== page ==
SIOUX FALLS, S.D. (AP) — The University of South Dakota can't officially sign its new head football coach until the state Board of Regents temporarily suspends a longstanding policy prohibiting multiyear contracts.
School officials announced the hiring of Western Illinois coach Bob Nielson in December, and Nielson has been busy assembling his staff after agreeing to a $255,000 annual salary, Athletic Director David Herbster said.
But Nielson is seeking a long-term commitment, and current policy only allows one-year contracts for employees. On Friday, the board will consider approving a one-time suspension of its policy, the board's executive director Michael Rush said. Only after that, — and the regents' approval of Nielson's contract — will the length of it be known.
"Ultimately, we don't have this contract approved yet," Herbster said. "He knows it, and that's what we're working on."
Rush said he expects the board will approve the one-time suspension during its morning teleconference, and a separate vote would direct staff to develop a policy to deal with the matter in a more permanent basis.
"I'm pretty confident that there will be a change in permanent policy to reflect kind of the realities of Division I athletics," he said.
When Coyotes' coach Joe Glenn announced he was retiring in November, school officials decided they would go after someone coaching in the same conference — the Missouri Valley Football Conference. Glenn earned $147,000 last year, but the conference's average annual salary for head coaches has grown to $250,000, and Herbster knew any qualified candidate would want the security of a multiyear deal.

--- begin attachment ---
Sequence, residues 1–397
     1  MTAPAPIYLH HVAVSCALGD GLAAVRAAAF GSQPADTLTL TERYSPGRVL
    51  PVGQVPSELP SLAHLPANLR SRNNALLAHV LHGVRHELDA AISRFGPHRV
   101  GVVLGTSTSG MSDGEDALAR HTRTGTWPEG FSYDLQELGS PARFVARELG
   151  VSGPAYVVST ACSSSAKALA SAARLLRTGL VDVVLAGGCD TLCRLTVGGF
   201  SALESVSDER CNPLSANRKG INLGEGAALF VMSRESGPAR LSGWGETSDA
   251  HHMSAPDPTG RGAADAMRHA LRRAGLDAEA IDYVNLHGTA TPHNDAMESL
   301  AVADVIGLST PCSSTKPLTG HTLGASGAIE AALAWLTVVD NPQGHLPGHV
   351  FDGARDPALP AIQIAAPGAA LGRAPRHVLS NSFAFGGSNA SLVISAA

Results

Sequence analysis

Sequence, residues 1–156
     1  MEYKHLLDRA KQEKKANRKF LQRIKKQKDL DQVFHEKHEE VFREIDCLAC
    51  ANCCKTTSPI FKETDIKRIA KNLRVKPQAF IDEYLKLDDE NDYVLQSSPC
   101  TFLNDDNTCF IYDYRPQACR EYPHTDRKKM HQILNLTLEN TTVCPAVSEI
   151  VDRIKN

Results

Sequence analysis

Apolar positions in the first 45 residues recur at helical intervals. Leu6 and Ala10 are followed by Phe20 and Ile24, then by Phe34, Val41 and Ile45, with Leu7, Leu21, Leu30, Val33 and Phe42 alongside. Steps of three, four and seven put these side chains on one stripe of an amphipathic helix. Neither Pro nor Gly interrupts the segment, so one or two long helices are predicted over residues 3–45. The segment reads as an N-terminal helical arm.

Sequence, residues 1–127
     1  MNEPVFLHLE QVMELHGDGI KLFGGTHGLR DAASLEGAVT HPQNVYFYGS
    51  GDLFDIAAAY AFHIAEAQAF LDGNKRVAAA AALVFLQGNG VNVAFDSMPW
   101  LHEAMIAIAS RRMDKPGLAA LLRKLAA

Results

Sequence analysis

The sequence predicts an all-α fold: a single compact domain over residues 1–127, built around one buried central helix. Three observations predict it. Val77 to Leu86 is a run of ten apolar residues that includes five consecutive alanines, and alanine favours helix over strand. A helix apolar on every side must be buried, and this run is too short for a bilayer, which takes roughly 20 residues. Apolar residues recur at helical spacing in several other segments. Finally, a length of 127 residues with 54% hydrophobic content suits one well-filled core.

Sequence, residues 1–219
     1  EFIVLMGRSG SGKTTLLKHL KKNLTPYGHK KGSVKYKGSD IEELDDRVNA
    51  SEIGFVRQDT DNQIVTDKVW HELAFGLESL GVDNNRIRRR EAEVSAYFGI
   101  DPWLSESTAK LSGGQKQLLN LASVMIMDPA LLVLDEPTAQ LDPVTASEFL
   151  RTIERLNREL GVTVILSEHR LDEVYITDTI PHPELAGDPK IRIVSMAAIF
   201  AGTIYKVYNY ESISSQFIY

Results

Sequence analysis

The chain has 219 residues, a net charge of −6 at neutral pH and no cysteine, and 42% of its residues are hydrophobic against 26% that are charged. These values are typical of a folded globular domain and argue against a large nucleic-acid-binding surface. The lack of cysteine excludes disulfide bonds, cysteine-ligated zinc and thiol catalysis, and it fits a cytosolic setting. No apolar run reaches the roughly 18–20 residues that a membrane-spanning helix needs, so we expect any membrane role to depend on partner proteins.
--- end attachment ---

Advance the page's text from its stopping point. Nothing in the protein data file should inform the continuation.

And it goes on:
Nielson, 56, led the Leathernecks for three years, including this past season's 7-6 record and an FCS playoffs appearance, earning him the conference's honor of Coach of the Year. It was the first playoff appearance for the Leathernecks since 2010.
Herbster said the multiyear contract prohibition affected South Dakota's two major schools even when they played in the Division II North Central Conference alongside St. Cloud State, Minnesota State-Mankato and Minnesota-Duluth because those two were the only schools for the most part that didn't offer multiyear contracts.
Herbster, who previously as athletic director for former NCC rival Nebraska-Omaha, said some schools used the policy issue in recruiting, telling prospective athletes that if they go to a South Dakota school there's no guarantee that coach would be around longer than a year.
Rush said he's not sure if the issue has come up before the board before, as he's only served as executive director since July 1.
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